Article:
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We use Hudson to build our projects, and Hudson conveniently defines environment variables like "%BUILD_NUMBER%" at compile time.

I'd like to use that variable in code, so we can do things like log what build this is at run time. However I CAN NOT do System.Environment.GetEnvironmentVariable because that is accessing the run-time environment, what I want is something like:

#define BUILD_NUM = %BUILD_NUMBER%

or

const string BUILD_NUM = %BUILD_NUMBER%

Except I don't know the syntax. Can someone please point me in the right direction? Thanks!

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You could use pre-build action/macro to change the number, would that be an option? –  Bobby Dec 15 '10 at 13:16
    
I was hoping for something that didn't require modifying the files every time, where the input source files remain unchanged and the current value is inserted into the compiled output. –  Eggplant Jeff Dec 15 '10 at 14:59

4 Answers 4

up vote 8 down vote accepted

Okay here's what I wound up doing. It's not very elegant, but it works. I created a pre-build step that looks like this:

echo namespace Some.Namespace > "$(ProjectDir)\CiInfo.cs"
echo { >> "$(ProjectDir)\CiInfo.cs"
echo     ///^<summary^>Info about the continuous integration server build that produced this binary.^</summary^> >> "$(ProjectDir)\CiInfo.cs"
echo     public static class CiInfo >> "$(ProjectDir)\CiInfo.cs"
echo     { >> "$(ProjectDir)\CiInfo.cs"
echo         ///^<summary^>The current build number, such as "153"^</summary^> >> "$(ProjectDir)\CiInfo.cs"
echo         public const string BuildNumber = ("%BUILD_NUMBER%" == "" ? @"Unknown" : "%BUILD_NUMBER%"); >> "$(ProjectDir)\CiInfo.cs"
echo         ///^<summary^>String of the build number and build date/time, and other useful info.^</summary^> >> "$(ProjectDir)\CiInfo.cs"
echo         public const string BuildTag = ("%BUILD_TAG%" == "" ? @"nohudson" : "%BUILD_TAG%") + " built: %DATE%-%TIME%"; >> "$(ProjectDir)\CiInfo.cs"
echo     } >> "$(ProjectDir)\CiInfo.cs"
echo } >> "$(ProjectDir)\CiInfo.cs"

Then I added "CiInfo.cs" to the project, but ignored it from version control. That way I never have to edit it or commit it, and the project always has a constant available that is the latest build number and time.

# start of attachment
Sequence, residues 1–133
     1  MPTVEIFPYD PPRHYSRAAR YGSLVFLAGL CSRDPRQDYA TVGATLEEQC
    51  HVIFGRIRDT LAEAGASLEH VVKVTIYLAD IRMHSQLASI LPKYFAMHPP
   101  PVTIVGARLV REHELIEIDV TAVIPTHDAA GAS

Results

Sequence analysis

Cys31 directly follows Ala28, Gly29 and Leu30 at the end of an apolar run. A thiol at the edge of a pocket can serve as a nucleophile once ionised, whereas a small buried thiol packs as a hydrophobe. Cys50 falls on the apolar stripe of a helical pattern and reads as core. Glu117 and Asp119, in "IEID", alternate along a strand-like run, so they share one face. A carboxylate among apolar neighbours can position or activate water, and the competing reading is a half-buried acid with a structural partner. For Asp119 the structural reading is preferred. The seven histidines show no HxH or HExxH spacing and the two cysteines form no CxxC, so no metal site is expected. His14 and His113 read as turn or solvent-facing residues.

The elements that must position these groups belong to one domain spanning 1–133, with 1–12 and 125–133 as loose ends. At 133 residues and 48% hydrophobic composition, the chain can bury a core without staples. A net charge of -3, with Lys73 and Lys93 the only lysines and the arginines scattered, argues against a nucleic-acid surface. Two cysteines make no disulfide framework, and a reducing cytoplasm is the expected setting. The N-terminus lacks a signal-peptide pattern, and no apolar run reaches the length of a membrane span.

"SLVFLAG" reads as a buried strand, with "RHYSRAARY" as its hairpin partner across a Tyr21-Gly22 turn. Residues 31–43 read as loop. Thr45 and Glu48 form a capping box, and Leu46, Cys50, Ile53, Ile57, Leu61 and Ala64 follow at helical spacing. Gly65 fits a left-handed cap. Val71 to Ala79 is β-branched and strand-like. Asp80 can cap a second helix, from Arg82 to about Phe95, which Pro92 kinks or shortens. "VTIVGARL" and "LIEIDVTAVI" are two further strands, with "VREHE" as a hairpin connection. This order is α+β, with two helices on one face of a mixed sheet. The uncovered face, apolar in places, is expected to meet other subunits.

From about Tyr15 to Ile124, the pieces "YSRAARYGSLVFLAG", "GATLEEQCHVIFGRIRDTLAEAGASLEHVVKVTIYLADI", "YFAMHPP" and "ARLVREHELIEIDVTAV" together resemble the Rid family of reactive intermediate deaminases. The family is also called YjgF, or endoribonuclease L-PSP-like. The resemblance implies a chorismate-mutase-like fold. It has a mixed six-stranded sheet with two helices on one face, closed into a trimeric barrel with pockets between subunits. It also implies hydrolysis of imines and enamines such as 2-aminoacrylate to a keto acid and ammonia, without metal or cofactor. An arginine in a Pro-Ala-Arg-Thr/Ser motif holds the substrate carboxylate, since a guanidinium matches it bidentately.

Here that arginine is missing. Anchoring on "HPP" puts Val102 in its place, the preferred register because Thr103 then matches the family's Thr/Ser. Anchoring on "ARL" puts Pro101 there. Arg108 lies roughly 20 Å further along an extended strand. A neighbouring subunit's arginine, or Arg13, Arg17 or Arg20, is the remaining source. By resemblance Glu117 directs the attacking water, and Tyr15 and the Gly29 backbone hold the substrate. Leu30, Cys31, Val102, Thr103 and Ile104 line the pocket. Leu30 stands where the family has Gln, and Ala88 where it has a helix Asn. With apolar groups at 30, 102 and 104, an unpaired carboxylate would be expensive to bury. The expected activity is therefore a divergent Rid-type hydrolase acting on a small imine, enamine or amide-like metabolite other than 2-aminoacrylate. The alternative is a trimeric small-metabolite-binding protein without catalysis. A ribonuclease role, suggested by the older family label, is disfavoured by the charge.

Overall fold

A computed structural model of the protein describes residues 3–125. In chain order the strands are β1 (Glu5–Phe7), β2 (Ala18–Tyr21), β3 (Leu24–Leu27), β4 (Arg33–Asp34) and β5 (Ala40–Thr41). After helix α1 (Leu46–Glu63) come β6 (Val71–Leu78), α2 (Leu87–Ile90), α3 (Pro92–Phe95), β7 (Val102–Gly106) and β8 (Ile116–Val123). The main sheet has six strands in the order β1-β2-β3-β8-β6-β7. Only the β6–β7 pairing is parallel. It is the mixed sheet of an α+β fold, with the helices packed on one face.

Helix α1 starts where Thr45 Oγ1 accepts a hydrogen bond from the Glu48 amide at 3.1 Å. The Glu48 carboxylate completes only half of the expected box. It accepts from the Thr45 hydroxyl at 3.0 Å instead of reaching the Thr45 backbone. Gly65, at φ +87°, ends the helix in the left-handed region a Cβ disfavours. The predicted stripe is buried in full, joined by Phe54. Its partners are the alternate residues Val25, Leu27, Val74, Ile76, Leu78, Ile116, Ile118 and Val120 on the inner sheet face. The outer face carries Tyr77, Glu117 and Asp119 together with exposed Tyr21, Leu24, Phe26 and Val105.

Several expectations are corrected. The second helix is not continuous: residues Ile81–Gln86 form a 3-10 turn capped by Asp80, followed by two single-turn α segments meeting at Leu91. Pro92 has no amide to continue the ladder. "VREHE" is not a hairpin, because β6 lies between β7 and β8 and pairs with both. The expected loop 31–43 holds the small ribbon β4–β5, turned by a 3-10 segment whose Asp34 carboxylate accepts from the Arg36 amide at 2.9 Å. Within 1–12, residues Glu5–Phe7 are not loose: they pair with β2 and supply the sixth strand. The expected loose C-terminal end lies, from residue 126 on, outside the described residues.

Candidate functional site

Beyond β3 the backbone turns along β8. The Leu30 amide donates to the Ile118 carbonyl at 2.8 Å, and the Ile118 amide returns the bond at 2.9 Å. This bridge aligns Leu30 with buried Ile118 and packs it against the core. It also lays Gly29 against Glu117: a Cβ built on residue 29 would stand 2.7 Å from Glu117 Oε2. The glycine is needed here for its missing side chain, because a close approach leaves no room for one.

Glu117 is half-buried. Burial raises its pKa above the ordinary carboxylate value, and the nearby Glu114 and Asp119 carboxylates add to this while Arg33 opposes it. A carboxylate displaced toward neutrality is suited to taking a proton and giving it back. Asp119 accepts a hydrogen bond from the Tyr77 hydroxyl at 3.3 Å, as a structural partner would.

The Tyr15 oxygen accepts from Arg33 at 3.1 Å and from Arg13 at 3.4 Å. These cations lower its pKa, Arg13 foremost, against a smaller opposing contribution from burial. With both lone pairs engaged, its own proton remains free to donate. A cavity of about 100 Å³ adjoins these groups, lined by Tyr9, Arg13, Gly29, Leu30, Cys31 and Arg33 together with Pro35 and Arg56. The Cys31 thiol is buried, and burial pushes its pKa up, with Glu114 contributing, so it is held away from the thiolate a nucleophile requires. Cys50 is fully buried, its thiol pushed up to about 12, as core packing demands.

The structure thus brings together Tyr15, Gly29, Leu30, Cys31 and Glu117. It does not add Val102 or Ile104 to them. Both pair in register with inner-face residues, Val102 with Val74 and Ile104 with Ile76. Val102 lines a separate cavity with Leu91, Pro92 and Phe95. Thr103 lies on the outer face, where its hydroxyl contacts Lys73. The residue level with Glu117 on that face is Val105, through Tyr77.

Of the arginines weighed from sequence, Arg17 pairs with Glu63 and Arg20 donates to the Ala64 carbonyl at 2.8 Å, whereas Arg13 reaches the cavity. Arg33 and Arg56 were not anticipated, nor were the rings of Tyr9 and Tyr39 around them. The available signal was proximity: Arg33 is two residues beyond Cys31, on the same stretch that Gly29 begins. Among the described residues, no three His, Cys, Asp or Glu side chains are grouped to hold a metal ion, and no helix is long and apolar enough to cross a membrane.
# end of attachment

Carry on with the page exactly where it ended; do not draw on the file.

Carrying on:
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What a convenient solution! –  Ashley Davis Apr 29 '12 at 23:48
    
Thank you. I would make it a batch file and then call it from the batch and pass in the file name with the path and use %1 for the redirect that may be easier to maintain if most of it can be handled in batch: $(ProjectDir)\Tools\BuildCI.bat "$(ProjectDir)\CiInfo.cs" –  Charles Byrne Sep 10 at 20:36

One way to do it is to add a build-step before compilation which does a regex replace in the appropriate source file(s) for %BUILD_NUMBER%.

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+1, although in the past when I have done it, I've simply targeted the .config file as a setting and then the rest of the code just accesses it from there. –  Moo-Juice Dec 15 '10 at 13:45
    
This is roughly what we currently do (against config files though, not source files), I was hoping I could just access it directly in the code though because it's considerably simpler, less error prone, and won't show as a change vs. the svn repository. –  Eggplant Jeff Dec 15 '10 at 14:52

One possibility is to use T4 to generate your configuration class with all the constants instantiated. T4 is well-integrated into MSVS, no need for your own custom build step.

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define does not allow you to define contants in C# like you can in C/C++.

From this page:

The #define directive cannot be used to declare constant values as is typically done in C and C++. Constants in C# are best defined as static members of a class or struct. If you have several such constants, consider creating a separate "Constants" class to hold them.

If you are looking to reflect the build number in you AssemblyInfo class, most build tools support generating that class at build time. MSBuild has a task for it. As does NAnt. Not sure how Hudson does this.

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